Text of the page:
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Sustainable development for a greener South Africa

Sustainable development for a greener South Africa

South Africa's renewable energy plan took off in 2011, when the Pretoria government understood that the sun and wind were strategic for sustainable development.

That year, the Renewable Energy Independent Power Procurement Programme (REIPPP), a program to encourage worldwide investment in the renewable energy sector, was launched.

REIPP is a global success story in renewable energy, as it managed to bring together private sector expertise and public investment in a competitive auction system. In 2019, South Africa had an installed renewable capacity of 5,000 MW, which will increase to 17,800 MW by 2030.

Main plants in the country


The first power plant in the South African country was the Upington PV park, inaugurated in 2014 and with an installed capacity of 10 MW. This was followed by the Tom Burke PV power plant (66 MW), declared a point of national interest in 2017.

Subsequently, three new solar farms were inaugurated: Adams, Pulida and Paleisheuwel, all with 82.5 MW of installed capacity.

But in addition to the sun, wind also makes a key contribution to South Africa's renewable energy contribution; this thanks to the Nojoli wind farm and the Gibson Bay power plant. Gibson Bay is the largest power plant in the country, with 37 wind turbines with a capacity of 3 MW each and a total capacity of 111 MW.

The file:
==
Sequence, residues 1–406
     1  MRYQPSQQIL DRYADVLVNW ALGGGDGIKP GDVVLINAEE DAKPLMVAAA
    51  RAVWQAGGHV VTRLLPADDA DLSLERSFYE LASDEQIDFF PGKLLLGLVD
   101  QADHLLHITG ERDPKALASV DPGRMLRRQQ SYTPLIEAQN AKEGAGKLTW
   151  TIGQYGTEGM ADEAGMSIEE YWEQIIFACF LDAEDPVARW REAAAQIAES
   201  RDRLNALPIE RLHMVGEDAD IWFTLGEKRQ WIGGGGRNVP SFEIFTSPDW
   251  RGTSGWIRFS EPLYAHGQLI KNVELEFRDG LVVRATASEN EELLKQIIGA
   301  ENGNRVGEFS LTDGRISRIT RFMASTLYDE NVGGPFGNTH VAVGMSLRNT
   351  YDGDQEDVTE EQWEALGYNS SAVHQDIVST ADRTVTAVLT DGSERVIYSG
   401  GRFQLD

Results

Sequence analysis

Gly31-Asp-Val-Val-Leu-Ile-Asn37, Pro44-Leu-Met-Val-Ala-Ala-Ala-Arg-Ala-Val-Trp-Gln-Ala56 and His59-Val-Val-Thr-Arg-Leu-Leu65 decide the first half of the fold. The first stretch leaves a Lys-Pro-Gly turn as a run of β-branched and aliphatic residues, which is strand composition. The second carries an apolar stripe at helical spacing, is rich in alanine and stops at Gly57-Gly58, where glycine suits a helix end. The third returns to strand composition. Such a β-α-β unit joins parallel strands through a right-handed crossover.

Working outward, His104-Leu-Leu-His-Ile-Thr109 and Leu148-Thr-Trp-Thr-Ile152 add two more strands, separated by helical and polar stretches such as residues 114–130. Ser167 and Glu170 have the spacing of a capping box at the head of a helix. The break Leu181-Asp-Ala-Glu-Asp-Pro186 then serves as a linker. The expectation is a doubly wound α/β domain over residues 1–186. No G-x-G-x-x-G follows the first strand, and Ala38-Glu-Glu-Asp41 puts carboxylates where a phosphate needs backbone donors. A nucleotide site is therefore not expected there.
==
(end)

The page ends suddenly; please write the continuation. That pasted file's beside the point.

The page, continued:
In September 2017, EGP surpassed the important milestone of 1 TWh of energy emitted to the South African grid since the inauguration of the Upington power plant.

Moreover, the Development Bank of South Africa (DBSA) launched a €200 million green bond in 2021 to finance climate change initiatives across the country.

The loan is aligned with the country's Renewable Energy Independent Power Producer Procurement program, aimed at boosting domestic renewable energy investment and production, and to accelerate sustainable and climate-friendly projects.

The new green age


In the midst of the growing energy and food crisis, uncertain global economic prospects and the increasing impact of climate change, a sustainable industrial transformation is needed today to reduce the development gap between countries, meet climate targets and achieve the Sustainable Development Goals (SDGs).

The UN's Financing for Sustainable Development Report 2023 states that urgent and massive investments are needed to accelerate transformations, including in electricity supply, industry, agriculture and buildings.

The energy crisis triggered by the Ukraine War has spurred global energy transition investment, which reached a record $1.1 trillion in 2022. Investments for the energy transition exceeded those for fossil fuel systems for the first time in 2022, but almost all of them took place in China and developed countries. South Africa is not far behind, though.

The report calls for a new generation of sustainable industrial policies, backed by integrated national planning, to scale up investments and lay the groundwork for the necessary transformations.

Flyers 365 brings you all the catalogs of your favorite stores in South Africa. But it also shows you what the reality of the green transition looks like, in which noble energies are of great importance.


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